Heart disease is the leading cause of death in women in the United States. Yet researchers and clinicians have been slow to acknowledge that heart disease is different in women than in men. Women don't feel the same as men when they are having a heart attack. And the causes and risk factors for heart problems in women are also different.
In fact the symptoms of a heart attack in women are often very different from those experienced by men. Women — and too often their doctors — often don't even realize that they are having a dangerous cardiac event, according to a recent Scientific Statement published by the American Heart Association.
The symptoms of a heart attack in women are often very different from those experienced by men. Women — and too often their doctors — often don't even realize that they are having a dangerous cardiac event.
The purpose of the statement is to highlight the differences in causes, symptoms, treatment, and outcomes of heart disease in women, compared with men's heart disease. The differences are important because the strategies for treating heart disease in men may not all be applicable to women. The authors suggest that because of these issues, heart disease in women is under-diagnosed, under treated, and opportunities for prevention are often missed.
The classic symptoms of heart attacks are chest pain or discomfort. However, women often do not experience classic chest pain. They may instead complain of shortness of breath, nausea/vomiting and back or jaw pain. They may break out in a cold sweat or complain of pressure, squeezing, or fullness in the chest that lasts for several minutes, or eases and then returns.
The problem is that when a woman comes in for urgent or emergency care with these subtler symptoms and without chest pain, they are often treated less aggressively than patients with classic symptoms, or they may be misdiagnosed entirely and their symptoms attributed to anxiety or other non cardiac causes.
Women themselves often fail to realize that they are having a heart attack, so they put off seeking care, believing their discomfort will pass. Such delays can lead to more disability and a greater likelihood of death.
Women and their health care providers must be extremely vigilant about prevention, identification, and treatment of risk factors and may need to address them at younger ages than they would in men.
In men, heart attacks are often caused by blockages in the coronary arteries, the blood vessels that nourish the heart muscle itself. These blockages are caused by plaque build-up. It takes considerably less plaque to cause to a heart attack in a woman, leaving women at higher risk from plaque build-up than are men.
As the AHA statement points out, women may also have heart attacks without any significant blockage. Instead, their heart attacks may be caused by a spasm or a tear in an artery, making the risk of heart attack may be harder to predict from tests, such as cardiac catheterization, that focus on the amount of plaque built-up in veins and arteries.
If a young woman has diabetes, she is at four to five times higher risk of heart attack than a young man with a similar condition.
The kinds of risk factors that can bring on a heart attack are also different for women. For example, high blood pressure is more strongly associated with heart attacks in women than in men. And when a young woman has diabetes, she is at four to five times higher risk of heart attack than a young man with a similar condition.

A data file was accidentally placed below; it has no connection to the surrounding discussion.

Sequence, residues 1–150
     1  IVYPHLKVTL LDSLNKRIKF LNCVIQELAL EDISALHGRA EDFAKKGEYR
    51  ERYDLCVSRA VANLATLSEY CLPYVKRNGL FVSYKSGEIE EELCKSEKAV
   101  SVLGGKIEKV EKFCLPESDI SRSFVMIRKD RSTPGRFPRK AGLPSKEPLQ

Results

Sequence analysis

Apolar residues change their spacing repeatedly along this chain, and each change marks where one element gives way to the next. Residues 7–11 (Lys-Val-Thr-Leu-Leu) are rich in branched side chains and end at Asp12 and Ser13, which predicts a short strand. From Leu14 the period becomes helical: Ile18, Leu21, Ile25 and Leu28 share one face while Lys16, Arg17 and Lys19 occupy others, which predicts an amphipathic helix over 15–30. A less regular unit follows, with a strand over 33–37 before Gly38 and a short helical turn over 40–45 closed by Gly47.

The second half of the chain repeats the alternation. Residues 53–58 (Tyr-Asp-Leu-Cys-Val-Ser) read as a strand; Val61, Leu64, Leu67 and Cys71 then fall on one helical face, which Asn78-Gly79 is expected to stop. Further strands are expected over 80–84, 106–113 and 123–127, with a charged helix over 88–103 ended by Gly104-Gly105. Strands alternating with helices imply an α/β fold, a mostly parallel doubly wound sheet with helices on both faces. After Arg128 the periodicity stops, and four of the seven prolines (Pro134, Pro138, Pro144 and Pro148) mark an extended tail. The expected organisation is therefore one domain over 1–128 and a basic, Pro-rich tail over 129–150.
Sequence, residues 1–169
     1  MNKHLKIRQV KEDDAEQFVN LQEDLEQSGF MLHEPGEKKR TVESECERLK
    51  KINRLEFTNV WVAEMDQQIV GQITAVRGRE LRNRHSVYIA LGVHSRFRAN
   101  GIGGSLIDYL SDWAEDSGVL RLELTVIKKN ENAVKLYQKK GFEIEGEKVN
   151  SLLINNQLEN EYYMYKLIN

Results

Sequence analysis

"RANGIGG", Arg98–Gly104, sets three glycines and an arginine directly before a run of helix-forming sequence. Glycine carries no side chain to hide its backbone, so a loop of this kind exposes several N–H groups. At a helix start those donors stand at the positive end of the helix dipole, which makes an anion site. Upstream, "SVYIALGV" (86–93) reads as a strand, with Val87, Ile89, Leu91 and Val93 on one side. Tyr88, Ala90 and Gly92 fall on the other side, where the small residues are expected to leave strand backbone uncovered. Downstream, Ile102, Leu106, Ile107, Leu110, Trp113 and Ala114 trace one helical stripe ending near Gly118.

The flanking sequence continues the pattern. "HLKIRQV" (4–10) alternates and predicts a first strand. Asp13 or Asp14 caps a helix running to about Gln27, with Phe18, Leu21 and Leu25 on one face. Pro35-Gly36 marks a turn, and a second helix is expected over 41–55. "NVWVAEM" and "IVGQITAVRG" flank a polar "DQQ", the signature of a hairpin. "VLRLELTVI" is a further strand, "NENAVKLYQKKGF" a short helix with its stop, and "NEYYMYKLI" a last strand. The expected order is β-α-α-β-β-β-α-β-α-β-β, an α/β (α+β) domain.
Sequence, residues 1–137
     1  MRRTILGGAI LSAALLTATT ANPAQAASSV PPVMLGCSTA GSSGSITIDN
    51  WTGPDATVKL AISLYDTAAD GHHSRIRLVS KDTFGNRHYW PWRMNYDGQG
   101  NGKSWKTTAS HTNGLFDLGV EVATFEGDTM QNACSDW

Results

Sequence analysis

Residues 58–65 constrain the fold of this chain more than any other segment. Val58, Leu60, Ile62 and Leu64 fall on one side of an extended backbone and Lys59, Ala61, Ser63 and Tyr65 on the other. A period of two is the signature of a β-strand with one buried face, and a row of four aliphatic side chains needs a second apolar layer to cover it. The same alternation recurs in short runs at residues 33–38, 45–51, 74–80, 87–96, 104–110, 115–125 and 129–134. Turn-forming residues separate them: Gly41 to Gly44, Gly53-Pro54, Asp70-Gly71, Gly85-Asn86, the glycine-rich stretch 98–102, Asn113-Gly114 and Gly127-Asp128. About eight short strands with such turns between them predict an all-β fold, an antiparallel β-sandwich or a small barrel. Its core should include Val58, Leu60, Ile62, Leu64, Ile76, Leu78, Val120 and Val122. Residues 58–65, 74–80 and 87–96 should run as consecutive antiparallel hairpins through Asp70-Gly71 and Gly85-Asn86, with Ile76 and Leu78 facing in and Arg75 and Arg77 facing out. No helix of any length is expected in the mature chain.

There are also differences in the risk of heart attack among women themselves. African American women at any age have a higher incidence of heart attacks than white women, and young African American women who have heart attacks are more likely to die in the hospital than are white women. One reason for this may be the fact that, according to the statement, African American women are less likely to be given treatments such as cardiac catheterization than white women.
Finally, African American and Hispanic women have more of the heart disease-related risk factors that are so frequently overlooked in women in general such as diabetes, high blood pressure, and obesity, raising their overall risk for a heart attack. In fact, these risk factors are present in many of the women of color who have a heart attack, yet they receive no preventative treatments.
The best thing women can do to protect themselves is to be aware of the risk factors for heart disease, particularly those most likely to affect them. Recognize your risk factors such as high blood pressure, diabetes, depression, and stress. Keep in mind that any health issues or behaviors — such as consuming too much sugar — that put you at risk are also opportunities for interventions to reduce that risk.
African American women are less likely to be given treatments such as cardiac catheterization than white women.
It is important women make sure their health care providers take their concerns seriously and offer therapeutic interventions to decrease the likelihood that they will have heart attacks.
Of course, the ultimate responsibility is yours: you have to take these heart risks seriously and change your lifestyle to reduce your risk, whether this means quitting smoking, losing weight or changing your diet.
The AHA statement, published in its journal, Circulation, is meant to make women aware that heart disease and heart attacks often affect women differently from the classic chest pain commonly identified as a heart attack. If troubling symptoms occur, seek medical care; don't assume your symptoms are too minor to be signs of heart disease.